September 18, 2020

Tasers and are they really safe?

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Now that the RCIPS are going to be trained and issued with Tasers I thought this would be a good time to give you some information about them. I did write a separate article on Tasers some months ago and if you read it please forgive if some of the information is repeated.

Tasers are NOT stun guns. In contrast with them, when using a Taser you don’t need to be close enough to an attacker to touch him. Law enforcement grade Tasers are effective from up to thirty-five feet away. Tasers are generally safe as they are supposed not to cause death or permanent injury except in the case of freak accidents (someone falls and hits his head on concrete, for example). This feature is vitally important in case you are Tased by mistake. I said ‘supposed’ and ‘generally safe’ because according to a report compiled by CBS News and the Canadian Press, Tasers are a lot more dangerous than previously thought.

“…about one-third of people shot by Tasers reportedly required some form of medical attention. Those numbers were drawn from the Taser-use forms that RCMP officers are required to fill out whenever they draw the device, which revealed that 910 of the 3,226 people shot between 2002 and 2007 had to go to a medical facility, and that “many more” people had minor injuries but never saw a doctor.”

In addition, it has been reported that the Houston Police Department has “shot, wounded, and killed as many people as before the widespread use of the stun guns” and has used Tasers in situations that would not warrant lethal or violent force, such as “traffic stops, disturbance and nuisance complaints, and reports of suspicious people.”

Amnesty International contends that Taser shocks may be implicated in the deaths of more than 150 people since 2001, and coroners have cited stun gun shocks as a factor in more than 20 deaths over that period.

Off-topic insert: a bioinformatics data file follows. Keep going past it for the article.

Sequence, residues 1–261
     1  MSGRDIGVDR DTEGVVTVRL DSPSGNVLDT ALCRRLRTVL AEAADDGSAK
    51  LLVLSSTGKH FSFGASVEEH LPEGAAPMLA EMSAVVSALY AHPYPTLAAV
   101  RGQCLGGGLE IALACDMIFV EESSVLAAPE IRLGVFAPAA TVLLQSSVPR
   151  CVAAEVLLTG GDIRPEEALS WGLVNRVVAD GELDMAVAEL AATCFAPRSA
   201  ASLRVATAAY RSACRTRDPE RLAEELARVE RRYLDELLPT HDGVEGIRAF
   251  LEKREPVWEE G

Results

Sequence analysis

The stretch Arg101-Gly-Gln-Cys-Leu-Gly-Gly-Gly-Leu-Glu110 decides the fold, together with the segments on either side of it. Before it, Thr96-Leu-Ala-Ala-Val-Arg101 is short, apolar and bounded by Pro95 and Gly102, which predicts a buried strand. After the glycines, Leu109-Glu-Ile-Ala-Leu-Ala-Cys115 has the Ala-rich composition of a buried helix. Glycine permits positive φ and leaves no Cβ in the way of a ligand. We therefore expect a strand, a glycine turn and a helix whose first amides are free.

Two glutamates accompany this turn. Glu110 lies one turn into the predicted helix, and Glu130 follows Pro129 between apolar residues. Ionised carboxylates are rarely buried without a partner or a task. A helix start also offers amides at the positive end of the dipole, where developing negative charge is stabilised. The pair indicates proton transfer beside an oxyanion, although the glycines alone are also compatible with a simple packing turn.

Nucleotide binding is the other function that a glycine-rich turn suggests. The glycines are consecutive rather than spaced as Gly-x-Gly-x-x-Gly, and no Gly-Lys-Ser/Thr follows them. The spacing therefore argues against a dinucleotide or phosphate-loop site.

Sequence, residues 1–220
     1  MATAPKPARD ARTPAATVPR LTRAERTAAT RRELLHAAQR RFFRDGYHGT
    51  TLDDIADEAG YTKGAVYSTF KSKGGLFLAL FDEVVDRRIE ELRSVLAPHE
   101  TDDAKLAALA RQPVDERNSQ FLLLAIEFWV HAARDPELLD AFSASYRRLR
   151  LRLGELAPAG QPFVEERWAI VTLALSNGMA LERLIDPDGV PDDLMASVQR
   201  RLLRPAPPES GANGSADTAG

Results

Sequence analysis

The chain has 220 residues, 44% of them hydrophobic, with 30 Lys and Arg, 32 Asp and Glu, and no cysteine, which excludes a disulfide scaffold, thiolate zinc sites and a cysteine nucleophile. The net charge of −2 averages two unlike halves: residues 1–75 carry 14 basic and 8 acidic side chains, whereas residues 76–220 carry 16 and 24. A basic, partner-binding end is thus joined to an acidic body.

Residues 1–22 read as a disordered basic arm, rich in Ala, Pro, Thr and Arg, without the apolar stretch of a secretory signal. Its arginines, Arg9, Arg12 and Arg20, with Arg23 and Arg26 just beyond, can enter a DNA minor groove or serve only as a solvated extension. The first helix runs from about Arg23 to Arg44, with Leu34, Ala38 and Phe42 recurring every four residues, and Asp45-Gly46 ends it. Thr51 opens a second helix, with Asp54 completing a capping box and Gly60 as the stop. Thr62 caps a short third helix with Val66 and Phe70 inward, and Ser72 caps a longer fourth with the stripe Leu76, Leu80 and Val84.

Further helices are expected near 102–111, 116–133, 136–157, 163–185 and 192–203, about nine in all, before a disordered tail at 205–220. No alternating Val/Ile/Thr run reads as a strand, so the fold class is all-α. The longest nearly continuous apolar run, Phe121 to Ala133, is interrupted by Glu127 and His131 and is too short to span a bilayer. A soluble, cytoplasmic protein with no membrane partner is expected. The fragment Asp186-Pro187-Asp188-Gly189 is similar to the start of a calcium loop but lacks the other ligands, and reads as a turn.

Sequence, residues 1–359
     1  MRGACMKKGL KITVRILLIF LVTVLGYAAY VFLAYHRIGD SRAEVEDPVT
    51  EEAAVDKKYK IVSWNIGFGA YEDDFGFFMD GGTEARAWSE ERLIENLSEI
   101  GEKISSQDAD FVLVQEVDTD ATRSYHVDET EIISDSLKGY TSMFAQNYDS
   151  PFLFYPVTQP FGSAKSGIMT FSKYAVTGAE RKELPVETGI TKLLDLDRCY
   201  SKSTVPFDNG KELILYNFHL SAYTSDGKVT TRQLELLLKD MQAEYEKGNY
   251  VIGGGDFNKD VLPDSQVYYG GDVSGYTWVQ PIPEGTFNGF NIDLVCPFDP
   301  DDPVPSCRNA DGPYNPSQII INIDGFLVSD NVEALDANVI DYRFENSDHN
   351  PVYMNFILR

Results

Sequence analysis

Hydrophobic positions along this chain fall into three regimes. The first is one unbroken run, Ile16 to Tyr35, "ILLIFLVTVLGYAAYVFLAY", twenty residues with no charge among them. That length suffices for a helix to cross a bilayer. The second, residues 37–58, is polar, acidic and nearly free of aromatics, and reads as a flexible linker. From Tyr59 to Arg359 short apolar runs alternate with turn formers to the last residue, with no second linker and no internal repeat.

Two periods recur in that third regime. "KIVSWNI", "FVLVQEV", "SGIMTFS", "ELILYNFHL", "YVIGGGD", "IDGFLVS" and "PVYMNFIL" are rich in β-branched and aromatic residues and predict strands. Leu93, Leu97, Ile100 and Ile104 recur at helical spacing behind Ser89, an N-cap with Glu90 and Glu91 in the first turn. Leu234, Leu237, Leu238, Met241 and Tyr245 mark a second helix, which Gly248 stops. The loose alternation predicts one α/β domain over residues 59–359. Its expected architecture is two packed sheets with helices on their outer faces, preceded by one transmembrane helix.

However, a study of use-of-force incidents by the Calgary Police Service conducted by the Canadian Police Research Centre found that the use of Tasers resulted in fewer injuries than the use of batons or empty hand techniques. Only pepper spray was found to be a safer intervention option.

“The negative stories tend to get more attention,” says Taser International (who manufacture the Taser) CEO Rick Smith, adding that police surveys show the device has saved 75,000 lives. “Occasionally, sadly, someone gets hit by a Taser and dies, and that becomes the whole story. The Hangover and other salacious headlines paint the wrong picture.” (One scene in the movie shows a violent, cruel use of the Taser for comic effect.) According to a 2009 Police Executive Research Forum study, officer injuries drop by 76% when a Taser is used
for protection.

Researchers who tasered anesthetised pigs have found little permanent damage, and there’s scant evidence that the shocks would be fatal for healthy adults. Victims who are intoxicated or have pre-existing heart conditions may be at greater risk. Repeated shocks from a Taser may also be more dangerous.

How does a Taser work? It uses compressed nitrogen to fire two fishhook probes into the attacker’s body. An electrical pulse shoots through the Taser probe wires causing immediate loss of neuromuscular control for the entire duration of the impulse. Even if your aim is terrible, you only need to hit your attacker anywhere on his body or clothing, and you’ll end up Tasering the poor attacker into a quivering pile of flesh. After firing the Taser the shot has to be replaced each time. Once the electrodes hit their target, the Taser sends a pulse with about 50,000 volts and a few milliamps. On its standard setting, the pulse cycles for five seconds before shutting off. (The pulse continues for as long as you hold the trigger.) The five-second shock sends intense signals through the victim’s nervous system, which causes considerable pain and triggers a contraction in all his muscles. Temporary paralysis can set in, and most victims fall to
the ground.

Tasers can also be used like regular stun guns in what’s called “drive stun” mode. This causes more localized pain and less widespread muscle contraction.

The manufacturer warns that Taser shocks may cause breathing problems, skin irritation, small puncture wounds, or minor burns, and that the violent muscle contractions can result in “athletic-type injuries.”

I know the arguments for and against the RCIPS using Tasers will go on unabated. I have tried to show both cases in this article. I leave you to decide whether it is a good option for the RCIPS to use them or not.

 

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